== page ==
The Spark Plug

Be Positive

Today's Devotional is from Lane Widick. Lane is the preaching minister at the Granny White Pike Church of Christ.  You can reach him at lanewidick@gmail.com, or by visiting www.grannywhitechurch.org or www.ministerlane.wordpress.com.

 

The One Where I Say "Be Positive"

 

Okay, I’ll admit it.  Sometimes, I can be a debbie downer.  I can’t help it.

Part of it is in my blood.  My grandma was a rather negative gal.  But let’s face it, she grew up in the depression era, so I think she had permission.

My family and I moved back home to Nashville almost 2 years ago.  I’ve made great strides in my negative attitude.  One of the greatest things that helped was ceasing to watch the news.  I used to be a FoxNews junkie, and then I would flip over to CNN to see what they were saying, followed by checking their websites.  

All they would do is yell and fight and bicker – and I have to tell you, it rubs off on you.  I’d watch it while I was getting ready, and then I’d listen to it on my XM radio in the car.  When I wasn’t listening to that on the radio, I’d listen to ESPN news or talk – and again, on my afternoon drive home, I’d catch the PTI (Pardon the Interruption) crew, and that show is all about yelling at each other.

Its so easy for this attitude to rub off on you, and sadly enter all aspects of your life.  We get short tempered with our spouses, our children, our friends, our church family, our neighbors, the people driving next to us on the road – and before long its out of control!

So for those of you who have been affected by my negative attitude that creeps out every once in a while, I’m sorry.  Being around negativity is like being around someone who smokes – you may not be smoking, but you smell like it later on.  You may not be negative at the time, but chances are it’ll put you in a sour mood.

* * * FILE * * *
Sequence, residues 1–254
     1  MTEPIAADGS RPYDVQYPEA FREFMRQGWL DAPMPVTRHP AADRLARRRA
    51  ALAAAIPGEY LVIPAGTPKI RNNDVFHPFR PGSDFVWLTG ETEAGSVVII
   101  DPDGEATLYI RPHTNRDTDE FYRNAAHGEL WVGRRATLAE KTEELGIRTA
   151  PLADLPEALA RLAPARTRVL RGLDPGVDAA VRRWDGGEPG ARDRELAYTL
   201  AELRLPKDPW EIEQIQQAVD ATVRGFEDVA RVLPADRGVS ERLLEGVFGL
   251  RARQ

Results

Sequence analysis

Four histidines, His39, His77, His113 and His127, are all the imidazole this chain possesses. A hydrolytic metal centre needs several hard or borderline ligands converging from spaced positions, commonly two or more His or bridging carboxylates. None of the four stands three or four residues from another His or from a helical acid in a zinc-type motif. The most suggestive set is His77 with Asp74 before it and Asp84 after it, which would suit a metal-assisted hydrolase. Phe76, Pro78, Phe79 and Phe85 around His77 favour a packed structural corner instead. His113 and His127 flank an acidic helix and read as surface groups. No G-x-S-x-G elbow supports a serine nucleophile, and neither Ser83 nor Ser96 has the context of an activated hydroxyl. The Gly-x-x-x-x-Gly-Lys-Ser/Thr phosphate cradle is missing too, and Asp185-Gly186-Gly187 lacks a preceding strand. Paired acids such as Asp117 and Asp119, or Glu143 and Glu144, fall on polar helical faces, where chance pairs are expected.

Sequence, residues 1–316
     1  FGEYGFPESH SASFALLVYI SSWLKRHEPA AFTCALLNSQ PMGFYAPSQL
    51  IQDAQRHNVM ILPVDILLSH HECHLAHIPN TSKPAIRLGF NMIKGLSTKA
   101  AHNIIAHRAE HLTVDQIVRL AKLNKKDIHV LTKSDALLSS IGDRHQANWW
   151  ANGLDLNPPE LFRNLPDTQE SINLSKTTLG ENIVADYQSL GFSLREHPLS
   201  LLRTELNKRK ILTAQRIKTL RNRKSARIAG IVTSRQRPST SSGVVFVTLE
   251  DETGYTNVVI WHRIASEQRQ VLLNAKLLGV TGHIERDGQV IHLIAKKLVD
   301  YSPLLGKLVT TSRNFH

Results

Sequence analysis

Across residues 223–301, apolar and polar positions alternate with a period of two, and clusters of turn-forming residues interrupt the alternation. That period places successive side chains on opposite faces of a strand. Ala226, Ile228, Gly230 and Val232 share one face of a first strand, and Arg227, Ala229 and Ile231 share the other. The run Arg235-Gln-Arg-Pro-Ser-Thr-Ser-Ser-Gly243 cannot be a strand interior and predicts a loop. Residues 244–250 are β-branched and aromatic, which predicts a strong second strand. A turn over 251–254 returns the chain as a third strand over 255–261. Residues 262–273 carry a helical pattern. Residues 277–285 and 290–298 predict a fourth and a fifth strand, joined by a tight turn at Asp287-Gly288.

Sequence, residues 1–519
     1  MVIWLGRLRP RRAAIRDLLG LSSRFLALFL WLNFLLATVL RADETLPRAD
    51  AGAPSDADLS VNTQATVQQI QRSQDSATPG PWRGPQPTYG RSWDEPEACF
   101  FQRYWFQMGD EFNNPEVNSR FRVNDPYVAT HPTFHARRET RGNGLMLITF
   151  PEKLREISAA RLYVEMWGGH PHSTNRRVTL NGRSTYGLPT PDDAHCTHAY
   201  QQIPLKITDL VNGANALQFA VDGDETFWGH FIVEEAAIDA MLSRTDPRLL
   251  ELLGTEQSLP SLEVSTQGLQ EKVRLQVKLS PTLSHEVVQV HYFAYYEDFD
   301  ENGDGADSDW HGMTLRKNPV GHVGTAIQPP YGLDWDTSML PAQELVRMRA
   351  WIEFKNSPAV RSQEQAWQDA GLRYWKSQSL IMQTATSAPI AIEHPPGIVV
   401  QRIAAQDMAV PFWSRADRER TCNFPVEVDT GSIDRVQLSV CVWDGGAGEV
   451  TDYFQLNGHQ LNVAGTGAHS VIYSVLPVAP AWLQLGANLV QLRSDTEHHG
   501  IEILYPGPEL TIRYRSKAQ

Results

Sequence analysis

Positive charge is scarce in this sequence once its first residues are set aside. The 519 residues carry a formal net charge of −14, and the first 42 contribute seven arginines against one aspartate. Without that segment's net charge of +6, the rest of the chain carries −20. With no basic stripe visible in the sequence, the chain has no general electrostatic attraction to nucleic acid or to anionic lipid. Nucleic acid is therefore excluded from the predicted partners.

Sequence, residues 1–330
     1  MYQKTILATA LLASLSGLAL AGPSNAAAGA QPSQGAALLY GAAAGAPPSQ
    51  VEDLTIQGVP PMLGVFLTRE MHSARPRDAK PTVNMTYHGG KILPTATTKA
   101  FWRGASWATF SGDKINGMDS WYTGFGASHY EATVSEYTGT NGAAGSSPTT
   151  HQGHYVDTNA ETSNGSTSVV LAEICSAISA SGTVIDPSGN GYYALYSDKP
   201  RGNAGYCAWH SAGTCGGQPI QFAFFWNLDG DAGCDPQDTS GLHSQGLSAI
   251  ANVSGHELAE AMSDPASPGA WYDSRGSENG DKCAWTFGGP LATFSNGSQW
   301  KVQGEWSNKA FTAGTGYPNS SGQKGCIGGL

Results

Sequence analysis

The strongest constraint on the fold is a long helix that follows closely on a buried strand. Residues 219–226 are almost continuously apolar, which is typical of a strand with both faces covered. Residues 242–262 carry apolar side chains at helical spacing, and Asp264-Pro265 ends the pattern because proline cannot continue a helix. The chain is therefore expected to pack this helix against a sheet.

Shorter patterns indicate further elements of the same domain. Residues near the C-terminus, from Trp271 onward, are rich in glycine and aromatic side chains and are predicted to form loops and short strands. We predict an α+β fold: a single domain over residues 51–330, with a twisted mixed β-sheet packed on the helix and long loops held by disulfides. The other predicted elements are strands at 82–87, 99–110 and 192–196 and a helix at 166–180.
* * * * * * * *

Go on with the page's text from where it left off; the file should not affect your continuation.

There’s really no excuse for me ever being negative.  I have a 

1.  Wonderful wife who still puts up with me
2.  A beautiful little girl who still loves to cuddle with her daddy
3.  Super awesome parents, family, and friends who would do anything for me
4.  The absolute best church family any Christian or Minister could ever ask for
5.  A spectacular home that is more than we ever could have imagined
6.  2 paid off vehicles that are in top notch running condition
7.  Health – me and my family have no major problems 
8.  More than enough food to eat every single day

Well, you get my drift.  I’ve been blessed, and instead of letting things get me down, I’m going to focus on the blessings in Christ that I have.

Next time you put something on Facebook – ask yourself, “Is this building others up?”  Such as political statements, money statements, “i’m raising my family better than you” comments, and so on and so forth.

Next time you have a conversation with someone, be positive.  If the other people in your conversation bring up gossip, negativity, or comments about how they are not satisfied with something going on at work, home, or church – try to change the subject to something more positive, or if that doesn’t work, dismiss yourself from the conversation.

Negativity is a poison, one that we all partake of, but one we need to fight against.  May God bless us all with a positive spirit and attitude…INCLUDING ME!!

Posted by Durham, Steven - steven.durham@lipscomb.edu

Happy Thanksgiving!

As we are all preparing to be with our families for the Thanksgiving Holiday, we wanted to share our thanks to all of you who made our first year successful! 

From all of our families to yours, Happy Thanksgiving!

 

 

Posted by Durham, Steven - steven.durham@lipscomb.edu

Faith & Work